Surf Fishing in Southern California - SC Surf Fishing

How to Drop Shot

An Alternative Way to Fish Plastics.

The drop shot technique was brought over to the US by freshwater bass anglers from Japan. It is a finesse technique utilizing light line and small plastic lures. Unlike most artificial lure techniques, action is imparted to the lure not by retrieval but by subtle movement of the rod tip. It is ideally suited for a vertical presentation but may be adapted for the surf under certain conditions such as working deep troughs and holes when the waves are small enough to allow a more or less stationary approach. Think of it as a lighter form of the venerable dropper loop rig.

You really don’t need anything special to fish the drop shot. As stated before, this is a finesse technique and the light action rods and reels that most of use for the surf will suffice. Although I prefer baitcasting equipment for working lures, drop shotting is one technique that is better suited for spinning tackle since lure retrieval is minimized and the rod ends up in your dominant hand (if you’re right-handed like me).

As far as terminal tackle goes, there are three components to the drop shot: 1) the weight, 2) the hook and 3) the lure. Any small weight (1/4 oz to 1 oz) will do. Weights that are specifically designed for drop shotting have a special eye that allows attachment without tying. It’s a nifty little touch but not a necessity. A simple bell sinker will do. I’ve even been known tie on an egg sinker if that’s all I have. It may look ghetto but it’ll get the job done. Hooks are another personal preference and will depend on the lure, the target fish and the conditions. The most common route is to use a short shank, light wire hook such as an Owner Mosquito. This works well when nose-hooking the bait.

Another approach is to use a longer shank hook and threading the bait on. With longer baits, the long shank acts like a wand and can make the bait move very enticingly. There are a wide variety of soft plastic baits that will work with the drop shot. I mainly use soft shad jerkbaits such as Flukes, Bass Assassins and Sluggos. Plastic worms will work as well the different Gulp products. No hard rules here.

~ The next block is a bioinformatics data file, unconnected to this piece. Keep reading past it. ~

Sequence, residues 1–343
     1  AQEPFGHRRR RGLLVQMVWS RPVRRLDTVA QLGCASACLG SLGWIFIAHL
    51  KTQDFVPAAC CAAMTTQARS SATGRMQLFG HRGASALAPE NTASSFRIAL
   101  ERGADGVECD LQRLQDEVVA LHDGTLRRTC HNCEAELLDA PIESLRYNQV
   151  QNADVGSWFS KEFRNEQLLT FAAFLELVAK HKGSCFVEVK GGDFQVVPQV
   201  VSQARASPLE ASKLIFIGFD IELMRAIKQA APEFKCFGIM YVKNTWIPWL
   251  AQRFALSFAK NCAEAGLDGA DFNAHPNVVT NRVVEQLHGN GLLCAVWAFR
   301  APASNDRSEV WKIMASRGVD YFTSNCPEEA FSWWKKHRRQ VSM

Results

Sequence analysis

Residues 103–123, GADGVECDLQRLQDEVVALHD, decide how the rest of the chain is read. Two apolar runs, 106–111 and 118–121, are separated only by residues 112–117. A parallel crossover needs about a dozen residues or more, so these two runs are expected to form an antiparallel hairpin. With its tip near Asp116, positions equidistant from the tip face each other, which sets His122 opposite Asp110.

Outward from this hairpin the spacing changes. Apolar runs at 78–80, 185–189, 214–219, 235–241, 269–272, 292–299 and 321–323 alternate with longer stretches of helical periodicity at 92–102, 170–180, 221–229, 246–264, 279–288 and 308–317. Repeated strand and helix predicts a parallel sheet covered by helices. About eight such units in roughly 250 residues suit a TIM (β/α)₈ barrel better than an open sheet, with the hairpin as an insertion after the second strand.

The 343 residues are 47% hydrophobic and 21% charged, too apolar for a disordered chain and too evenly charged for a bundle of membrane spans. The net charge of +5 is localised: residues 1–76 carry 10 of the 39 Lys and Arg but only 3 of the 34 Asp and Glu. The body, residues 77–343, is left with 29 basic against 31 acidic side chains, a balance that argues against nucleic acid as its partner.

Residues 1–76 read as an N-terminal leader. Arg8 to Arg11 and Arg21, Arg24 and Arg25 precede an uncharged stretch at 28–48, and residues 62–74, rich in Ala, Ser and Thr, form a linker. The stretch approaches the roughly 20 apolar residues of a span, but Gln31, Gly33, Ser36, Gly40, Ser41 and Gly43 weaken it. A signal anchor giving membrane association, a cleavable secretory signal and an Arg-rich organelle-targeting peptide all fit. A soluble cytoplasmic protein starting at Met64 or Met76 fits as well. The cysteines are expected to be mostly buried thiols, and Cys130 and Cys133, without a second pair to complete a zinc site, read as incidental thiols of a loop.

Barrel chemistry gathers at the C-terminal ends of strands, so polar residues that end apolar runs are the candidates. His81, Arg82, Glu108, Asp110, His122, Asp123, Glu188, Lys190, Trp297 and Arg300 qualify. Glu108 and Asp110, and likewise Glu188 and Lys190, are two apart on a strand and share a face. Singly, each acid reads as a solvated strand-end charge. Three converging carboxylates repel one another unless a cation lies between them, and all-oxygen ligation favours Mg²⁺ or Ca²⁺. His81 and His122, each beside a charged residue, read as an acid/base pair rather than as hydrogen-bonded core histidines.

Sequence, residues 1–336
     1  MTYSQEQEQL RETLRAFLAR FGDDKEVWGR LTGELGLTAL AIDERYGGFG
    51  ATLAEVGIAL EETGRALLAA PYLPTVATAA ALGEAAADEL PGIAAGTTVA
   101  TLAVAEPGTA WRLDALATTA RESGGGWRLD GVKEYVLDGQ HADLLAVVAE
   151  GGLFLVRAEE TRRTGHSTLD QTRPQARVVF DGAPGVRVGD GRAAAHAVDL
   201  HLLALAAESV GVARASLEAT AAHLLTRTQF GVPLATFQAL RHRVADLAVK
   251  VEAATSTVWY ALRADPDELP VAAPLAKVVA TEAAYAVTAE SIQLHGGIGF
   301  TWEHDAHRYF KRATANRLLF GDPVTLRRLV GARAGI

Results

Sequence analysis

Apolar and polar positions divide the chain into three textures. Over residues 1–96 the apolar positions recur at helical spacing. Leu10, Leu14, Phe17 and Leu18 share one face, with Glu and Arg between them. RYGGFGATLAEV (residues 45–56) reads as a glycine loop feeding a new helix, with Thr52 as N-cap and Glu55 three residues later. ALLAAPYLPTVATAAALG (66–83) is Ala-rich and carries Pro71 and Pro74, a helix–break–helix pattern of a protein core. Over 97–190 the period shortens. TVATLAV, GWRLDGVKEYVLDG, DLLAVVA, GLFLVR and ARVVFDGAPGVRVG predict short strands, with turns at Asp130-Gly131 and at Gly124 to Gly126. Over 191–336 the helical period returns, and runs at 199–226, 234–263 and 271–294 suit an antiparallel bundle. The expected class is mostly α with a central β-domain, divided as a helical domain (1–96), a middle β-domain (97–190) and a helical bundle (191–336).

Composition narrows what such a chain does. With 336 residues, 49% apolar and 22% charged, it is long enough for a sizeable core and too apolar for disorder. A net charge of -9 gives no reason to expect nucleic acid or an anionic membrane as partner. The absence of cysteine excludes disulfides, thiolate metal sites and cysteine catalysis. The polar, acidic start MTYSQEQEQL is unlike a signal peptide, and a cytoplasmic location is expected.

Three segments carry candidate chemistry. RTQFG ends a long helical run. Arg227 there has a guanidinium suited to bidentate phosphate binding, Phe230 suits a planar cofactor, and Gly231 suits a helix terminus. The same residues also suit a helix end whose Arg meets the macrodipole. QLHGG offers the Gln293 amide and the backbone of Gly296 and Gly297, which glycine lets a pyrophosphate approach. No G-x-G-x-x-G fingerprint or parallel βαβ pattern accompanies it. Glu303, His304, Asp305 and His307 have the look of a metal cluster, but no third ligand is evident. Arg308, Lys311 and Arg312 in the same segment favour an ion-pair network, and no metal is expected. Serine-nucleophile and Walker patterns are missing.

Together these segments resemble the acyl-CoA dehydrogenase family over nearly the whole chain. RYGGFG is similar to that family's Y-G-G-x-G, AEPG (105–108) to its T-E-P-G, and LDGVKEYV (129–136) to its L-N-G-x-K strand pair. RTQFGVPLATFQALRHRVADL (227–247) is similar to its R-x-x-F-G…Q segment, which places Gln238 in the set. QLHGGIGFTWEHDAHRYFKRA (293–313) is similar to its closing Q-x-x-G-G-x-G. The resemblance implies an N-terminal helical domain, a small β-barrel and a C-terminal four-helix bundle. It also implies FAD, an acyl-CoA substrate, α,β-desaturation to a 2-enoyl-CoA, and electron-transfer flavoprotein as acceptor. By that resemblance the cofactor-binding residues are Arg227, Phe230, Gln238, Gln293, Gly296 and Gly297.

Here’s how to rig the drop shot. Tie the hook on using a palomar knot and a tag end of about 12”-24”. The sinker will be attached to the tag end so the position of the hook/lure off the bottom will be determined by how long you make that tag end. I usually make it a couple inches longer than I think I’ll need and I simply trim off any excess once the hook is tied.

Here is the key to this rig: Once the palomar knot has been tied, feed the tag end once again through the eye of the hook from the “top” side (assuming that “top” is the same side as the point of the hook).

Pull this tag end all the way through. This will rotate the knot so that, when taut, the hook will stand out perpendicularly from the main line/tag end. This is very important since the perpendicular hook will keep the bait away from the main line and give the lure its action. See how the line seems to goes straight through the eye of the hook? That’s what you want.

Attach the lure to the hook and a weight to the tag end. You are now ready to fish!

Cast the rig out and let it hit the bottom. Reel tight. With the rod at 9:00, jiggle the rod tip up and down slightly. Since it will be impossible to keep the sinker from sliding toward you on sandy bottoms, you will need to raise the rod tip up slightly to maintain a tight line. Work the rod from 9:00 to 12:00, alternating between shaking the rod tip and raising the rod to remove the slack. Repeat as necessary. Subtlety is the key here. Not much line movement is required to make the plastic lure flutter realistically in the water. You can prove this to yourself by bringing the lure close enough to observe and seeing how little of a flick of the rod tip is needed to bring the lure to life. A bite can be signaled in all of the typical ways. Sometimes the fish will hammer your bait and double your rod over. At other times you will just feel dead weight when trying to jig your bait up and down. Set the hook immediately whenever you feel something out of the ordinary. Unlike grub fishing, tail pecking is pretty rare using this technique and most baits are more or less inhaled completely.

Drop shotting plastics in the surf is not an everyday technique. In most situations, when the beach is relatively flat and there is surf and surge to contend with, a carolina rig, leadhead or spoon will be more effective. But it’s a good technique to keep in mind when you stumble on that deep hole and other techniques just aren’t working. Try the drop shot and you just may pull out that big ole halibut you just knew was lurking in there.

Article written by:
John Kim (aka JKim)

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